Next best choice is the high rail design. That keeps the distance from the rails to the gantry center line as short as possible so less possibility of flex.


    In either case a massive gantry is going to be required to overcome the bending moment of the 16 inch Z travel and the loads imposed by a 7'' end mill. My first choice for the gantry would be a 10 or 12'' square tube with a 3/8'' wall.

    As peteeng suggested above, an open sided machine is not out of the question. Given the shape of your parts, it would be a good fit. In fact picking up a used CNC bed mill might make a good base to start with. Most of the hard work is already done for you, wouldn't be hard to modify one to fit your needs. The older ones pretty much sell for scrap price or less. Since you would only really want the frame, the overall condition is not much of a concern. There are also a number of open side routers available on the used market in the sub $5000 range that would fit your needs, might have to modify the Z axis to get the required travel, but again, all of the hard work is done.


    Servos would be my choice for this application, especially considering 100 IPM cutting speeds with heavy loads. Not really much more expensive than good steppers. I would recommend DMM Technology products. https://store.dmm-tech.com/ I think somewhere in the 1KW range would be a good fit for this application. Perfectly compatible with Mach3 or Centroid Acorn. https://www.centroidcnc.com/centroid...ontroller.html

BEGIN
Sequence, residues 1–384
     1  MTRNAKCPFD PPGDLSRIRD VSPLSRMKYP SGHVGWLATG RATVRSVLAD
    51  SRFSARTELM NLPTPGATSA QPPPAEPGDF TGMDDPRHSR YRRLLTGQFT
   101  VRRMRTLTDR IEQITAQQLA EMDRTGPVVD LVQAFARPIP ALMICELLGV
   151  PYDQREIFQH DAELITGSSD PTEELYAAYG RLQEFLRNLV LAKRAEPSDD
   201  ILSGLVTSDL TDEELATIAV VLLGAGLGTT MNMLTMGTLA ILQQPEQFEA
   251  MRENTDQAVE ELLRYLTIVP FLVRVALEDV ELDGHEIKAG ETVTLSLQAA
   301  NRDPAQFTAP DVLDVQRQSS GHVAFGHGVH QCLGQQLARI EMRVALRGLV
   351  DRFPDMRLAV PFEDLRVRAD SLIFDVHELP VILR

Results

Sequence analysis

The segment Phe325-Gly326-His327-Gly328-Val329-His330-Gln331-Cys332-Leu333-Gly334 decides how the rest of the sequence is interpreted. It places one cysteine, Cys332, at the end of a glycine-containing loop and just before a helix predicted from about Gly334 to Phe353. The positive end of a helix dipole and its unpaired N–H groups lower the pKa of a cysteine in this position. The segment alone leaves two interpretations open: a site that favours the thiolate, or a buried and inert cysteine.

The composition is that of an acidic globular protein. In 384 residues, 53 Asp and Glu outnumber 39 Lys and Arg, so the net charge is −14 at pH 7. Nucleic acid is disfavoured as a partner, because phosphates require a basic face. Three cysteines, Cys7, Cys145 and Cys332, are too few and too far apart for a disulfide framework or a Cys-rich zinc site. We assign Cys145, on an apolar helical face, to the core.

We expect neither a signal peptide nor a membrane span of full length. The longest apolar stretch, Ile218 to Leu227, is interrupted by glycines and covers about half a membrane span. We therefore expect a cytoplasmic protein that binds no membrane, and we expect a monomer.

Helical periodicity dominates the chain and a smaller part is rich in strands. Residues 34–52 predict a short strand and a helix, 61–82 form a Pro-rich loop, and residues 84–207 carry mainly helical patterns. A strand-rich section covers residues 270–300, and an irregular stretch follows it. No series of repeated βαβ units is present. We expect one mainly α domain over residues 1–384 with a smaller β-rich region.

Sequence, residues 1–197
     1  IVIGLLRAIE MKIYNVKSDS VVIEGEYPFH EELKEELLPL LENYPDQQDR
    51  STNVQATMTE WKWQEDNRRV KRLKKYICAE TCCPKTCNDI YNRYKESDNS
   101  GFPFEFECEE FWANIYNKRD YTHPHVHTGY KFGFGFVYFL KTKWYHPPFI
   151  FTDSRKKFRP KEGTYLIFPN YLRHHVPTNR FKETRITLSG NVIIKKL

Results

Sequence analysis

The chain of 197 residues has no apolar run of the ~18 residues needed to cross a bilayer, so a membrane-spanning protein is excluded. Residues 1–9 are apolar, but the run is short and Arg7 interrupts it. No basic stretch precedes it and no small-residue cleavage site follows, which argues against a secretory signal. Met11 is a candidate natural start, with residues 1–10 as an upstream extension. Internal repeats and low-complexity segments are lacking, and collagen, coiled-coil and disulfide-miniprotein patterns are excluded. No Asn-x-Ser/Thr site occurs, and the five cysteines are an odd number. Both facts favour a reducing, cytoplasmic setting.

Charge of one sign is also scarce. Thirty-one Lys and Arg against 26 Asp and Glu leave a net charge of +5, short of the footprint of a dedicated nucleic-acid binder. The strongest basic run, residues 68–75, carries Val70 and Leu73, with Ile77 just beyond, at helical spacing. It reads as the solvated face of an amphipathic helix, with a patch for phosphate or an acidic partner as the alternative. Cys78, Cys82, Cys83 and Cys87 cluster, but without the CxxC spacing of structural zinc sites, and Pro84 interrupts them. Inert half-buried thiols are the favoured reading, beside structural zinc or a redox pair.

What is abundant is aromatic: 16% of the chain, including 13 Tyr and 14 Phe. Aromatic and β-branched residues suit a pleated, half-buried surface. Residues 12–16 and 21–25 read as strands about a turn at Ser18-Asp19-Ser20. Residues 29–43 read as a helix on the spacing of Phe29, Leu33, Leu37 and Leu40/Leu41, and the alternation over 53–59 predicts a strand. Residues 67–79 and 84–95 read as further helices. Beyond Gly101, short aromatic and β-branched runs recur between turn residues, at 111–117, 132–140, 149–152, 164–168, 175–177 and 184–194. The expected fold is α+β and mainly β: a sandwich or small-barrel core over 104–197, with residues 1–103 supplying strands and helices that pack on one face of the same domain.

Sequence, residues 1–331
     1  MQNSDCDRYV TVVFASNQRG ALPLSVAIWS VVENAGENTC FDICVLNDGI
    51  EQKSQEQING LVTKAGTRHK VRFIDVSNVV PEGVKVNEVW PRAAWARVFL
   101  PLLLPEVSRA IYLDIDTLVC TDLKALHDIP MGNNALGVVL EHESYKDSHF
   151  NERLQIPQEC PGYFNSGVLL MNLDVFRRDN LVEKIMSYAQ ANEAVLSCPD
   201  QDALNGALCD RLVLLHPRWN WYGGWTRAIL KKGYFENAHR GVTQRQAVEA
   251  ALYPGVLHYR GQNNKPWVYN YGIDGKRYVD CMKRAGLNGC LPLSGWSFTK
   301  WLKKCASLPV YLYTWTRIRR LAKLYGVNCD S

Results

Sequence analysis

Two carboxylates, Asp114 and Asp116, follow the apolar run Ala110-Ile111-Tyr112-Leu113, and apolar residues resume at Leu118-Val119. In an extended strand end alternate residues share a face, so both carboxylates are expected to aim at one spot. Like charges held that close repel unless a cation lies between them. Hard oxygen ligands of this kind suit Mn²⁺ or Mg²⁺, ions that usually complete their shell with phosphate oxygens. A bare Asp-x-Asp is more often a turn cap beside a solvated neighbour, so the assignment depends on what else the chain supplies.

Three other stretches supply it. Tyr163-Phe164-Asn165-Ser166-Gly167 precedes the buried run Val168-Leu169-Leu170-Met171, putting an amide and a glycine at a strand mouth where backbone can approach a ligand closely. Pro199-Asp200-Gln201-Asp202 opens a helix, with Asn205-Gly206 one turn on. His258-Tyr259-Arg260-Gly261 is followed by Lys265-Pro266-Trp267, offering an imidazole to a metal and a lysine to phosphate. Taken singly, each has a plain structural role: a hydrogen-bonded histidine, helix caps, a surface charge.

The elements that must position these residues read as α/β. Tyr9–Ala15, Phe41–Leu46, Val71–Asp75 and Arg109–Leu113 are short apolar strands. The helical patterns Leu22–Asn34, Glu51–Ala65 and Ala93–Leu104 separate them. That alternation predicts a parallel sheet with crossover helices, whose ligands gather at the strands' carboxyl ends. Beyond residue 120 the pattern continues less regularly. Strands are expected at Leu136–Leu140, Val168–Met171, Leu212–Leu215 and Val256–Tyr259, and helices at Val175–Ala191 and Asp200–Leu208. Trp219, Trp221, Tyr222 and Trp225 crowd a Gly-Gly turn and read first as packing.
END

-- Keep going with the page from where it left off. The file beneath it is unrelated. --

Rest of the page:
Jim Dawson
    Sandy, Oregon, USA

  9. #9
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    Re: New Machine Build - Massive CNC router for timber components

    Buy a used Biesse ROVER.

    Building machines is fun, but you've got contracts and time is money.

    The learning curve on using a CNC is something to contend with, and it's tiny compared to the task of building, integrating and commissioning a CNC from scratch.

    As far as spindle HP goes, with CNC you can make several lighter cuts over the exact same path so you can optimize the cut to the HP available.

  10. #10